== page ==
My posts recently have been pretty heavy-handed. So because I am not in the mood to do a toy review, I wanted to discuss one of the reasons why I love sex.
It’s hilarious. And that rules.
Sex is funny. It’s playful. Its meant to be fun! Pleasure is your effin’ birthright.
Pursue that shit!
I may have already blogged about this, but I often start out my sex ed classes with telling students (regardless of age) that sex should be this really wonderful thing. However, sex is really really big. It’s a big concept, and it’s something that you can go to college to study, and that affects the world around you in so many ways it would take years to just scratch the surface. Sex education is about providing students with the resources and tools to navigate sexuality, so that it can be as positive as possible.
I have had students come up to me afterwards and tell me that I was the first person to tell them that sex was not a bad thing.
My sister asked me why sex-positive sex education was important. Well, she is sixteen so it was worded more like “I don’t understand why you do what you do.”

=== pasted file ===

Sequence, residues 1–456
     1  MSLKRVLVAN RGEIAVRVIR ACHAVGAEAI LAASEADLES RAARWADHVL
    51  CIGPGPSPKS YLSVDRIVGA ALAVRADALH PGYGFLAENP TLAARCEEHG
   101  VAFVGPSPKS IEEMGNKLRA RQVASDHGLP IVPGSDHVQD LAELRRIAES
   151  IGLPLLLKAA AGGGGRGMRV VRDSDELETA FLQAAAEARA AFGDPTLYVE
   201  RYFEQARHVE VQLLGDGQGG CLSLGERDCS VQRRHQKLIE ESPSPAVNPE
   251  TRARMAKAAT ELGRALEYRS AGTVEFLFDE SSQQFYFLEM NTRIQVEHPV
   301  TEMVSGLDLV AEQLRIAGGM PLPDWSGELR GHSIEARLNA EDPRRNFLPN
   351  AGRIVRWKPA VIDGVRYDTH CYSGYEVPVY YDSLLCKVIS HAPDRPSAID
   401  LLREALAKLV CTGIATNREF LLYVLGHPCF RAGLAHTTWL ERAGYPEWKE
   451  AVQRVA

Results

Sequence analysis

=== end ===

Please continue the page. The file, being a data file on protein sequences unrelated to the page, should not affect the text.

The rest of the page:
Well, let me tell you all about why sex positive education is going to change the world.
Remember my post earlier this year about how sexuality education was about a lot more than just sexual acts and gender? How it’s about confidence and body image and overall health? It takes a village, etc.?
If you tell a person that they are not broken, and that they are wonderful, and that their body is a good thing, that’s groundbreaking. It’s radical. And if you help a person feel good about their body and their sexuality, they will take pride in themselves as an individual. They will take care of themselves, and have a healthy body image and sexuality. And the more people who feel good about themselves, the happier communities will be. It’s about confidence, and joy.
It’s about health, and it’s about feeling good about who you are. And having your community support your health, and that includes your sexuality.
As Emily says at the start of her classes, and as I have started using in my classes, it’s important not to “yuck someone else’s yum”.
Don’t Yuck My Yum.
This means that if you find something I love really repulsive/weird/gross/ungodly, that’s fine. But don’t let me know that you think what I love is repulsive/weird/gross/ungodly, because we all like different things. Snowflakes, remember?
As soon as I tell someone that what they “yum” is a “yuck” to me, they may feel ashamed of their sexuality. And that is unhealthy.
So pursuit your pleasure in consensual ways, and spread the word that what you want from sex is normal and good and totally rad.